This professional snowmobiler is transforming prosthetics


Sport of Tomorrowis an immersive dive into the technology powering today’s sports revolution. Whether it be making the game safer, more intriguing for viewers or simply improving skills, technology has forever changed the way we watch, play and consume sports. Come back every Sunday to learn about the most innovative trends in the sports industry.

In 2008, professional snowmobiler Mike Schulz was halfway through a race in Minnesota when his vehicle hit a hole and started skidding from side to side. Unable to maintain control of the snowmobile, he was immediately thrown off.

"I couldn't ride out of it, and it pitched me off to the left side," he told In The Know. "Feet impact the ground, and my left knee buckles 180 degrees. It's unbearable pain, and my foot is actually laying on top of my chest."

Schulz was taken to a hospital in Duluth, where a doctor told him the injury had severely affected the circulation in his left leg. The best course of action, the doctor said, was to amputate the leg three inches above the knee.

"He's like, 'In order for you to survive at this point, we're going to need to take your leg," Schulz recalled.

After undergoing surgery and recovering at the hospital for the following 13 days, Schulz proceeded to consult a prosthetist, who, in turn, gave him an artificial leg.

"Watching my feet go in front of me as I'm walking across the room, I mean it feels good, like I feel normal," he said.

Although Schulz' accident initially scared him away from riding bikes and snowmobiles, he couldn't resist going on one more ride, he said. One day, he made an excuse to use his snowmobile. Upon doing so, Schulz found himself reliving — and more importantly, enjoying — the thrill of riding in the snow.

"I hopped on my snowmobile and went for a little cruise and, you know, it made me smile to get out and smell that two stroke smoke," he said.

Still, Schulz knew that the prosthetic he was given wouldn't allow him to comfortably continue his passion. When he learned that X Games also hosted races for amputees and paraplegics, he became increasingly interested in creating a specialized high-impact prosthetic that would allow him to participate in extreme sports.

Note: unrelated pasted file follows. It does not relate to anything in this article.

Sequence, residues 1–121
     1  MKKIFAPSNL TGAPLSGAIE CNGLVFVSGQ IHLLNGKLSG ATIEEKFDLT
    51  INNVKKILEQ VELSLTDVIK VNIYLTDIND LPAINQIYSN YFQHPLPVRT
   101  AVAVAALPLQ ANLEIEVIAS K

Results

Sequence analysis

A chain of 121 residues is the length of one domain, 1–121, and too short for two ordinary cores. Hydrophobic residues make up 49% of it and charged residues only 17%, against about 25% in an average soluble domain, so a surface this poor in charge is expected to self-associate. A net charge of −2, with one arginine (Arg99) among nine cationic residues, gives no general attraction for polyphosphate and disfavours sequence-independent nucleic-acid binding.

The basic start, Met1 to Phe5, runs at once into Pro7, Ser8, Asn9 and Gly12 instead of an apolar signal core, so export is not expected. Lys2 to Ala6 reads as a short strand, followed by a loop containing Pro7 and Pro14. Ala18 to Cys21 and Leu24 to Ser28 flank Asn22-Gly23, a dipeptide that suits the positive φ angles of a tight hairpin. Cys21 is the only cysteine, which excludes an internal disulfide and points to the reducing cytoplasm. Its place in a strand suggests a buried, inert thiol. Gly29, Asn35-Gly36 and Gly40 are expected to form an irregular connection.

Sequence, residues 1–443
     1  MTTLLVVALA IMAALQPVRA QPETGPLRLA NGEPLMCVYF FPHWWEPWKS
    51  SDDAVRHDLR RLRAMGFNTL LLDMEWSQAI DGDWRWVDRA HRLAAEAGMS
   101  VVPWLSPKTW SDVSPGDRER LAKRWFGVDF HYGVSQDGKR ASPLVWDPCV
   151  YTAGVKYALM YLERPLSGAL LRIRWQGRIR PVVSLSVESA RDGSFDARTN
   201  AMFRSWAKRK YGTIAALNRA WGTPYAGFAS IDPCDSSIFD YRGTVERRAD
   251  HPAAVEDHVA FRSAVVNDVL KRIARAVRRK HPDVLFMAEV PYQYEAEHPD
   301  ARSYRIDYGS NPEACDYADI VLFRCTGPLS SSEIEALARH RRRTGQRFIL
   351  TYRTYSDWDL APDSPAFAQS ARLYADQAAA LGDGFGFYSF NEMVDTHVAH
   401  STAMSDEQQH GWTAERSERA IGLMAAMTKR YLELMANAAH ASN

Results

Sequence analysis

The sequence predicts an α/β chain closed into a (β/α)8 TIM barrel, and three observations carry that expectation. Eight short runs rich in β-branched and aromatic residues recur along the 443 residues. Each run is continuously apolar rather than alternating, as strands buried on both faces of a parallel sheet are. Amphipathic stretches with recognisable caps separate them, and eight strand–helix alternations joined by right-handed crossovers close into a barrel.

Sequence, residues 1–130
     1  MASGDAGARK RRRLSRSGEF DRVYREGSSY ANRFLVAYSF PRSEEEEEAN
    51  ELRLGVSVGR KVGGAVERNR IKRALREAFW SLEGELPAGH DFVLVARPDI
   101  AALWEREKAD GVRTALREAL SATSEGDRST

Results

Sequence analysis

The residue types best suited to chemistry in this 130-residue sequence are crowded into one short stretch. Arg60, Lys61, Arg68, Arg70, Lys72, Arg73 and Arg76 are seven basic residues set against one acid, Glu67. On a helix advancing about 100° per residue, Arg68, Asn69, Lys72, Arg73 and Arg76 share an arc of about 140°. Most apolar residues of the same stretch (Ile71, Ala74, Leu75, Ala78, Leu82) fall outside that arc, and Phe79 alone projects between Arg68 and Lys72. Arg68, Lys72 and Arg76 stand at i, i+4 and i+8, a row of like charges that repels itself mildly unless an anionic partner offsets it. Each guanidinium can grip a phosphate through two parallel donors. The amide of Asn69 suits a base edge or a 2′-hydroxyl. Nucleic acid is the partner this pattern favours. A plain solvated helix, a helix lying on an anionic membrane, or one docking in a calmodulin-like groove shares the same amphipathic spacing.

"From what I gathered, all the other riders were just using their everyday equipment ... and I'm like, 'Huh, I think I can fix this,'" he said.

In 2010, Schulz founded BioDapt, which manufactures high-performance prosthetics, after successfully building a prototype to use while riding a motocross bike. The company currently has two signature products: the Moto Knee and Versa Foot 2. The former is an adjustable knee system; the latter is a prosthetic foot for above- and below-knee amputees. Both are made of aluminum and incorporate stainless steel fasteners for use in mud and water. They also consist of a mountain bike shock that helps minimize impact on the amputee's leg.

"When I started designing the Moto knee, I knew I wanted to be versatile for a lot of different sports and activities, so I tested it with motocross, mountain biking, road biking, wakeboarding, horseback riding, snowboarding, skiing," he told In The Know. "Adaptation to me means using tools to bridge a gap."

Schulz, who has since won several gold medals at the X Games and the Paralympics in multiple sports, added that one of his biggest highlights took place last year. Nine athletes at the Paralympics purportedly used his company's products and came away with 11 medals. Yet, perhaps just as equally important to Schulz is the message his personal story and company are conveying.

"Being able to adapt either mentally, physically to something is what sets people apart from others," he said. "Like of course, I didn't want them to amputate my leg, but the bigger picture of it was I understood it was going to save my life."